Welfare Labels Are Confusing U.S. Consumers
Providing labels on animal products to indicate higher welfare standards is one way to help consumers make more informed purchasing choices. In turn, it can increase demand for “high welfare” products and incentivize the animal agriculture industry to increase welfare standards across the board. However, a new report from Farm Forward suggests that a significant minority of U.S. consumers are confused about what standards welfare labels guarantee, calling into question the effectiveness of these schemes.
The report is based on an online survey of 1,219 U.S. consumers. It tested consumer beliefs about three popular welfare labels: Global Animal Partnership (GAP), American Humane Certified (AHC), and One Health Certified (OHC). In Farm Forward’s view, none of these schemes guarantees much, if anything, above standard U.S. industry practice. They describe AHC as a third-party label that has the animal agriculture’s interests at heart and OHC as an industry label intended solely to ease consumers’ concerns about current industry practices. While GAP has traditionally been viewed as more progressive, Farm Forward claims that this label bows to industry interests and allows problematic practices such as animal mutilations.
The survey found that many U.S. consumers wrongly believe that these three labels guarantee a number of high welfare practices. About a third of consumers thought that the labels guarantee animals are raised on pasture (GAP: 33% AHC: 32% OHC: 30%) and slightly more consumers believed that animals are raised with constant access to the outdoors (GAP: 39% AHC: 38% OHC: 37%). Around two out of five consumers thought the labels also rule out genetic modification (GAP: 39% AHC: 38% OHC: 45%), mutilation of animals (GAP: 40% AHC: 41% OHC: 42%), and provide positive environmental guarantees (GAP: 40% AHC: 40% OHC: 42%). However, none of the labels guarantees any of these standards.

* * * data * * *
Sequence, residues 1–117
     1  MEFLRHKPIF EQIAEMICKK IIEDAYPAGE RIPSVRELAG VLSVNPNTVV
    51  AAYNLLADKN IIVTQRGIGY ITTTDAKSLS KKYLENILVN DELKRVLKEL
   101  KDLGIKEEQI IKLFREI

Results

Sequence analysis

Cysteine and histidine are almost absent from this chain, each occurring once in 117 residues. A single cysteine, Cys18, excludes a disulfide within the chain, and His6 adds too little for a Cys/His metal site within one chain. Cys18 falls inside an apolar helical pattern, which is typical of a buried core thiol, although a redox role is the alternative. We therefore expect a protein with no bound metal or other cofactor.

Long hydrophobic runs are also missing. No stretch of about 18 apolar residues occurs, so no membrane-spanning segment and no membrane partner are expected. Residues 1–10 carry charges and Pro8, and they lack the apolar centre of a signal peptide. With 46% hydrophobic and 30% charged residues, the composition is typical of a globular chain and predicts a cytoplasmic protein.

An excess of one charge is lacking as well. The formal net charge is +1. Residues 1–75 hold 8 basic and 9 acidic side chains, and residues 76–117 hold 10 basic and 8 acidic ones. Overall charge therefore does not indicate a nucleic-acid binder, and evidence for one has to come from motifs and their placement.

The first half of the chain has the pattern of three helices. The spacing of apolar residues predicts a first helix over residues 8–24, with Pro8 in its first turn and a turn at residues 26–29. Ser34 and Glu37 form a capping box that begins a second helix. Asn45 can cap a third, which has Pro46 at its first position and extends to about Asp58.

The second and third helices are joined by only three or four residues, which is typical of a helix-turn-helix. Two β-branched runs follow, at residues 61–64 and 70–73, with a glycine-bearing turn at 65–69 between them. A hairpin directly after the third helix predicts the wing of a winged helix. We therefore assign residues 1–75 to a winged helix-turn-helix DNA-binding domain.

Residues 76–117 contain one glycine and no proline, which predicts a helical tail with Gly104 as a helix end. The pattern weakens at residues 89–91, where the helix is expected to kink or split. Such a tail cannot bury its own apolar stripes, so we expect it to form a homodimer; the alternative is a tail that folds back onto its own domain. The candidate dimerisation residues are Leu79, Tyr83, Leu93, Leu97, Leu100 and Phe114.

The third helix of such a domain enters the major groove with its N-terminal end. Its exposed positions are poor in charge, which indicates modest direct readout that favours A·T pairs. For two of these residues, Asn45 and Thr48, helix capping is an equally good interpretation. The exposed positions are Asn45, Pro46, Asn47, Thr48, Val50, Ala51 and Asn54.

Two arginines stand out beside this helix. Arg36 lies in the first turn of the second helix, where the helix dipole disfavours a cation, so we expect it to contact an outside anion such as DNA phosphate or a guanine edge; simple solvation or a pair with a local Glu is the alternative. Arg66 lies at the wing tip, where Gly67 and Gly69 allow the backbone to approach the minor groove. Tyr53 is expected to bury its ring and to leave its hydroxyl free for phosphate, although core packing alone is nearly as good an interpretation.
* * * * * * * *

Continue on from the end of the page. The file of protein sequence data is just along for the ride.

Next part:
The survey also asked consumers what they thought the phrase “cage-free” means and found that there was significant confusion. 38% of respondents thought it meant the birds spend their lives on pasture while 47% believed birds have constant access to the outdoors. Some consumers thought that the term “cage-free” rules out industry practices such as antibiotic use (24%), debeaking (27%), and the culling of day-old chicks (18%), although this isn’t the case for typical cage-free production.
Even more troubling is the finding that these misconceptions appear to be impacting consumers’ purchasing choices. The survey found that those who had purchased a product stamped with one of the three welfare labels were around 20% more likely to falsely believe the label guaranteed a given welfare standard. This indicates that at least some consumers are changing their purchasing decisions based on mistaken beliefs about what welfare labels indicate.
In general, consumers appear unable to differentiate between welfare labels. The GAP label has tiers ranging up to Step 5+, which does guarantee significantly improved welfare over industry common practices. However, consumers were unable to differentiate between Step 5+ products and Step 1 products, which are barely different from conventional factory farming. In other words, producers can do the bare minimum to access the GAP label and reap the benefits of the price premium for producing “high welfare” products without the additional costs required to meet the more exacting standards of Step 5+. Furthermore, alternative schemes that do guarantee higher welfare may struggle to differentiate themselves from industry schemes in the mind of the consumer, thus potentially limiting their effectiveness.
These findings suggest that welfare labels are poorly understood by at least a sizable portion of the public. Moreover, it’s troubling to see that consumers may be making purchasing choices based on these misunderstandings. If this is true, then animal advocates should focus on educating consumers about the truth behind animal welfare labels. Organizations could also push the government to enact stronger policies around the use of labels to ensure standardization and transparency, thus safeguarding both animals and consumers. Finally, large retail chains that carry misleading labels should be held accountable for potentially confusing consumers.